|By: Dr. Robert Thomas; ©2002|
|Our study this month arrives at Revelation 6, a chapter that begins divulging the contents of the seventh-trumpet judgment that was first mentioned in Revelation 11:15. This month Dr. Thomas will look at the first four bowl judgments.|
THE FIRST FOUR BOWLS (OR VIALS)
Our study this month arrives at Revelation 16, a chapter that begins divulging the contents of the seventh-trumpet judgment that was first mentioned in Revelation 11:15. At that point the seventh angel sounded his trumpet, but the immediately subsequent verses did not record any judgments against the earth. Rather, the text proceeded to furnish background information to enhance the readers’ understanding of the persons and actions to be recorded when the seven bowls would be described. With that understanding, we concluded that the seven bowls are the content of the seventh trumpet just as the seven trumpets furnished the contents of the seventh seal. Since the seven trumpets span the last half of Daniel’s seventieth week, the seven bowls will come in rapid sequence at the very end of that period of three and a half years.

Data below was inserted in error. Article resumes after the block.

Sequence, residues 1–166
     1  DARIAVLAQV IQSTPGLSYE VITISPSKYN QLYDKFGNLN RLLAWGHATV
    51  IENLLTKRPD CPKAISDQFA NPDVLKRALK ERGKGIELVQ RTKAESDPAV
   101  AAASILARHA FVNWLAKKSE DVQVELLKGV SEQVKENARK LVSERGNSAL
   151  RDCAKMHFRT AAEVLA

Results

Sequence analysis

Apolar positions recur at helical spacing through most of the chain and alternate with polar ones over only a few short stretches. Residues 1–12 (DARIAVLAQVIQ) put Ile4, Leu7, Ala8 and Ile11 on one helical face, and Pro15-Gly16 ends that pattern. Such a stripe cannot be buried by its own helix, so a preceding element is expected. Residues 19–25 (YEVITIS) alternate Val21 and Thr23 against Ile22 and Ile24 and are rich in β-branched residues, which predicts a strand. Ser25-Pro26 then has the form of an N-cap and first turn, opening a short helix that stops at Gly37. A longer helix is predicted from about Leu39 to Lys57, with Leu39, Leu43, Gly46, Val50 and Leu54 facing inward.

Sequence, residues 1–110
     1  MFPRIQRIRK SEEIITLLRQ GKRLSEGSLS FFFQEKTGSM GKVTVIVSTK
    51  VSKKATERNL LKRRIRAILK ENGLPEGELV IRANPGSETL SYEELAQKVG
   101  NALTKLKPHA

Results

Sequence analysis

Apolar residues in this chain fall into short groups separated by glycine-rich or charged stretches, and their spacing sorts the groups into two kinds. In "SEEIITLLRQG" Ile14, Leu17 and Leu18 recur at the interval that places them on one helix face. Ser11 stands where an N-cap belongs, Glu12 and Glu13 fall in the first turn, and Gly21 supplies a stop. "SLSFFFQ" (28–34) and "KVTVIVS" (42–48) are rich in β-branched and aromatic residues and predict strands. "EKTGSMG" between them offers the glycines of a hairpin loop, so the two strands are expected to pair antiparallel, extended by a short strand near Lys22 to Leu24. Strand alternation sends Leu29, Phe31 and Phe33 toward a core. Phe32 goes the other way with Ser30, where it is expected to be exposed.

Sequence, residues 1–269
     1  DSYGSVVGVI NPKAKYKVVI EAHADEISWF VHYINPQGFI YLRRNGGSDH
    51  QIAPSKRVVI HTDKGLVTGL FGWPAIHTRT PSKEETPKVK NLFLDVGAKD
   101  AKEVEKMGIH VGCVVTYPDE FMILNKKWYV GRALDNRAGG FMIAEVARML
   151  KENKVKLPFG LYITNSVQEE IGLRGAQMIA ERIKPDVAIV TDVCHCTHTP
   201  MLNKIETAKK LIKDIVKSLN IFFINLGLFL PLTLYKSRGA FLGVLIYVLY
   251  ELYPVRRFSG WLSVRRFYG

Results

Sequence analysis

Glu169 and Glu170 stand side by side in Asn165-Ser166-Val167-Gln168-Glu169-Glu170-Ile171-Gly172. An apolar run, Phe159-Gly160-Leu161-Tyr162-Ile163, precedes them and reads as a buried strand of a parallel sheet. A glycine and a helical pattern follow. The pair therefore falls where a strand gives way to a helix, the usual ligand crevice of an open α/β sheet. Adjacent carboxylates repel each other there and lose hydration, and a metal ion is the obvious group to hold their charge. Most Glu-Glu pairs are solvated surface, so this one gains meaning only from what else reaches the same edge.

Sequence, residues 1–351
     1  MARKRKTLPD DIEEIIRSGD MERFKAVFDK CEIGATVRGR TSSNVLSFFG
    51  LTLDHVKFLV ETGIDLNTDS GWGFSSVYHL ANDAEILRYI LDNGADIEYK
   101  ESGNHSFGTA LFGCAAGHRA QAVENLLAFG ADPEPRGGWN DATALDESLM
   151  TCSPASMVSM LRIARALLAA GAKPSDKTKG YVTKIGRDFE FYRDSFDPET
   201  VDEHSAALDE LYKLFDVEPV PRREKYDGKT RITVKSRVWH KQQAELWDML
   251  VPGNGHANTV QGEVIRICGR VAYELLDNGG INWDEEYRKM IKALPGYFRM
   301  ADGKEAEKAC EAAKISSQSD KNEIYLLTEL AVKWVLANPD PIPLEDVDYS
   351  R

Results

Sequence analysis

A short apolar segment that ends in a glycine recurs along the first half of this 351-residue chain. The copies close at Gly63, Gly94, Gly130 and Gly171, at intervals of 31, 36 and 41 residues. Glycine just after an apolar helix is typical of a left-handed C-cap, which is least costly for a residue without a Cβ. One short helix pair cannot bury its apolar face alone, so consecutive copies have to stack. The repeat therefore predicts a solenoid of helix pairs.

After the Revelation 15 preparation for the seven bowls (called “vials” in the King James Version), which we studied last month, John heard a loud voice from the temple telling the seven angels with the seven last plagues, “Depart and pour out the seven bowls of the anger of God into the earth” (16:1). The voice must belong to God because no one else has access to the temple after it is filled with smoke in preparation for these bowls (15:8). The command applies to all seven angels, but each one carries out his mission in sequence without further direction. Though the bowls bear slight resemblances to the seals and trumpets that have gone before, they are an entirely new series because these are universal and far more intense, because they deal with the time of the end. They are the “last” plagues (see 15:1).
The First Bowl (16:2)
When poured out, the contents of the first bowl fall “into the earth.” In contrast, the next three bowls affect three other divisions of nature, the seas, the rivers, and the sky. All of the first four affect individuals directly as compared with the last three bowls which are on more of an international scale.